Category: Research

Profit: The medicalization of psychedelics

Will psychedelics be reduced to an elite product that enhances status and feeds egos, as yoga and meditation have been found to do in some Western contexts?

Geoff Bathje

If you read this blog regularly, you’ve probably ascertained that we at TripOut believe the statement “capitalism is problematic” is objective truth. This article from attempts to synthesize the arguments against the profitization motives in the medicalization of MDMA and Psilocybin.

Image: Christ Driving the Money-changers from the Temple” by Theodoor Rombouts. Credit:

Book: Review of the “first textbook on psychedelic research”

David Wilder of Think Wilder reviews an advance copy of the self-published research textbook Medical Psychedelics by Dr. Oliver Rimle Hovmand. Wilder’s video review is posted below and is ~9 minutes long, and his written review is here. If you haven’t heard of David Wilder, he is a sharp and intellectual blogger focusing on psychedelics and self-exploration and he releases a “weekly psychoactive recap” called “This Week in Psychedelics.”

Notable: Researcher Amanda Feilding

From a totally fascinating Wired article about Amanda Feilding, Countess of Wemyss and March who is a primary researcher of LSD as a powerful potential tool for mental health clinicians:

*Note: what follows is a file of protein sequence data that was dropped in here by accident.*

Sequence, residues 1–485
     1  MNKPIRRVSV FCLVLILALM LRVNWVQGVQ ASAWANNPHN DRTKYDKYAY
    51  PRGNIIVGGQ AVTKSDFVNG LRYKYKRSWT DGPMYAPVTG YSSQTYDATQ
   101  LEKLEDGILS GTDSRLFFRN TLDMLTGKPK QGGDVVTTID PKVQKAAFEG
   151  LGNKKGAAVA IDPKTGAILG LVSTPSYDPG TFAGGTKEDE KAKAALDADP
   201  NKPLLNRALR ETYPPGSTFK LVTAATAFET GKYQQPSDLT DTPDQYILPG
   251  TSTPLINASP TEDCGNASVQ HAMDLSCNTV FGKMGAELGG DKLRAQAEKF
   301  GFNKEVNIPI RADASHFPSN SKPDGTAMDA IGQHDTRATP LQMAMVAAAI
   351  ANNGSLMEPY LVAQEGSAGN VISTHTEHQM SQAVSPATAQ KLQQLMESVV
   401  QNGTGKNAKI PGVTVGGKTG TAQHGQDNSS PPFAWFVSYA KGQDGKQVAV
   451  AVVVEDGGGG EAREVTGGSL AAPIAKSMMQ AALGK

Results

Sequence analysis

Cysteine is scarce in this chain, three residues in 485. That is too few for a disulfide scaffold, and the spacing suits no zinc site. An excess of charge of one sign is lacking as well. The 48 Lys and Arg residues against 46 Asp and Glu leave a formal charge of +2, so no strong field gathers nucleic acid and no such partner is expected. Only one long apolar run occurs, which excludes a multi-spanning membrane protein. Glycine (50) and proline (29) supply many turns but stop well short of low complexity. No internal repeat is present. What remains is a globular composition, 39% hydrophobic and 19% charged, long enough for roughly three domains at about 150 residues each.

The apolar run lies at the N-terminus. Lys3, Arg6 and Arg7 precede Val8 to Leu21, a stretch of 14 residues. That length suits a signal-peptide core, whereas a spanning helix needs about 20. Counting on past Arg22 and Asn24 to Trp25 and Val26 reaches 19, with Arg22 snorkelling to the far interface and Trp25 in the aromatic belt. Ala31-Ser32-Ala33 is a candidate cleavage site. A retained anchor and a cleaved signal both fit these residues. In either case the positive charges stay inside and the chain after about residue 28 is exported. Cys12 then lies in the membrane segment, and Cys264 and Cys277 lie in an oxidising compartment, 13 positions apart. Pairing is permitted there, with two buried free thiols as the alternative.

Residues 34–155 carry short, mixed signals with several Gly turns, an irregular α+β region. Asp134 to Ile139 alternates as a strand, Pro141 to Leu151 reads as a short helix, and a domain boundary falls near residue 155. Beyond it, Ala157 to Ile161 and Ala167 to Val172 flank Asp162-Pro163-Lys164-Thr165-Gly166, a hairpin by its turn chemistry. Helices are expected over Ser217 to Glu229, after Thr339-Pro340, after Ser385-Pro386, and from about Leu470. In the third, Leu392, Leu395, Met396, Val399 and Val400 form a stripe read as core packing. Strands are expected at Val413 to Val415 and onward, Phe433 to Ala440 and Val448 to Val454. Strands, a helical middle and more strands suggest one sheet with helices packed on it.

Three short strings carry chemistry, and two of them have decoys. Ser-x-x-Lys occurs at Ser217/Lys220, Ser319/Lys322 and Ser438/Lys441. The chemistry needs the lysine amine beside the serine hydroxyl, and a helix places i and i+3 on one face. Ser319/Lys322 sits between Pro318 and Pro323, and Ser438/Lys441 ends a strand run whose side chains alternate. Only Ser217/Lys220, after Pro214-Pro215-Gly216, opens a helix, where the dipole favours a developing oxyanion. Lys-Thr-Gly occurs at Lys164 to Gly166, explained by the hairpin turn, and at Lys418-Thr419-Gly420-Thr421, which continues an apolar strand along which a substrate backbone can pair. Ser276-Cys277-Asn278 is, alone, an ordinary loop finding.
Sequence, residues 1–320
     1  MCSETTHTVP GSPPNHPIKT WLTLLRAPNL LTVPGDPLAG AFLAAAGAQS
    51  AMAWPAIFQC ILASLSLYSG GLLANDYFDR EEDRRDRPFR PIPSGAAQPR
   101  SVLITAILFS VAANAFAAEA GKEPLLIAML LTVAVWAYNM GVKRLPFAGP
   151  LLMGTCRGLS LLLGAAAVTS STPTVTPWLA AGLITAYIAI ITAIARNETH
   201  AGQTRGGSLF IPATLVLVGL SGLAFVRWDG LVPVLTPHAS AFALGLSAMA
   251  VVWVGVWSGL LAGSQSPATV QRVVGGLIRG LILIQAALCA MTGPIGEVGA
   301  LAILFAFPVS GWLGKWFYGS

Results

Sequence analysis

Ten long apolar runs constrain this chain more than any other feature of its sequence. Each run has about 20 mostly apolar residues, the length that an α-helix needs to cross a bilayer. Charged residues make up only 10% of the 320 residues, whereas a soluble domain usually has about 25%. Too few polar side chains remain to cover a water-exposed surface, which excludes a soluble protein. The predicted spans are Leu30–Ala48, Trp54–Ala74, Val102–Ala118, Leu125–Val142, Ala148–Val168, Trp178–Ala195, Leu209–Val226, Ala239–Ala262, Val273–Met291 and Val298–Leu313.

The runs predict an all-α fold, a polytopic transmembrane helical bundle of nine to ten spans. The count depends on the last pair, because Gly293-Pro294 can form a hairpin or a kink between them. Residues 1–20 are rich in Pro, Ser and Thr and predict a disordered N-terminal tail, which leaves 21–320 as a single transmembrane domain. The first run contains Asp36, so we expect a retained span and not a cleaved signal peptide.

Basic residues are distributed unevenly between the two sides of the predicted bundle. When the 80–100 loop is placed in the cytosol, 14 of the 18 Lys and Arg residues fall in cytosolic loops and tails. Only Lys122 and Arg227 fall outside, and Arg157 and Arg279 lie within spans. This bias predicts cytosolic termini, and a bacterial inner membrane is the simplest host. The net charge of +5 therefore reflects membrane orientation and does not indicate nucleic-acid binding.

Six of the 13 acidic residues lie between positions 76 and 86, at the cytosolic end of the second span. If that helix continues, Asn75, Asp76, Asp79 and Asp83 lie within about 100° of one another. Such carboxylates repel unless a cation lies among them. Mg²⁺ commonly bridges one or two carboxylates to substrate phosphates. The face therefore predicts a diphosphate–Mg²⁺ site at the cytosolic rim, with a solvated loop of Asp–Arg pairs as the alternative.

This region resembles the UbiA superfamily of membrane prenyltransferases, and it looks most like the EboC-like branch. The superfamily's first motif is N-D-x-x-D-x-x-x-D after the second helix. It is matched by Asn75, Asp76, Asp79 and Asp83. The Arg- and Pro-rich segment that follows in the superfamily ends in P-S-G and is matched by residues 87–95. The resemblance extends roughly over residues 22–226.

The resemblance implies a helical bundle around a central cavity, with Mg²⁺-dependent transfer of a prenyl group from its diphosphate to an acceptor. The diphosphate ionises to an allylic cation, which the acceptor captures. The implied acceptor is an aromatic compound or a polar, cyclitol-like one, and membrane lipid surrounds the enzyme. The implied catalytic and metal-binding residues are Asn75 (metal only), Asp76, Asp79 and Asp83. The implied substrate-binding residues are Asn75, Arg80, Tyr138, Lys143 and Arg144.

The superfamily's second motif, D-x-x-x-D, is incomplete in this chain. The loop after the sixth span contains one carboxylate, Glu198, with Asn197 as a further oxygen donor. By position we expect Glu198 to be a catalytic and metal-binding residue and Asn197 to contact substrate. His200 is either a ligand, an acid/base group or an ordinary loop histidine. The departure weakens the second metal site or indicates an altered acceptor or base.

This is the future of therapy as Feilding sees it: You enter a clinic with your mind in a certain unwanted setting. Perhaps you’re ruminating over some kind of trauma. You meet with a therapist and do a relatively large dose of LSD, followed by smaller doses down the line, known as microdosing. (This has come into vogue of late, especially among Silicon Valley types who believe a minute dose of LSD makes them more creative without all the pesky hallucinations.)

“You need the peak experience to break through and change the setting,” Feilding says. “And then the microdose experience can give a little booster along the way and make it more energetic and vital and a bit more lively.”

Which sounds like something the authorities wouldn’t be so keen on. But medical officials in the UK and the US and elsewhere have actually been giving permission to study psychedelics of late. Still, the red tape is a nightmare, as are the costs. “There are three institutions in England which have a safe that can store psychoactive controlled substances,” Feilding says. “And then you’re meant to weigh them every week and have two people guarding the door. It’s insane. But I think it’s breaking down a little bit, and the more good results we can bring in, the better.”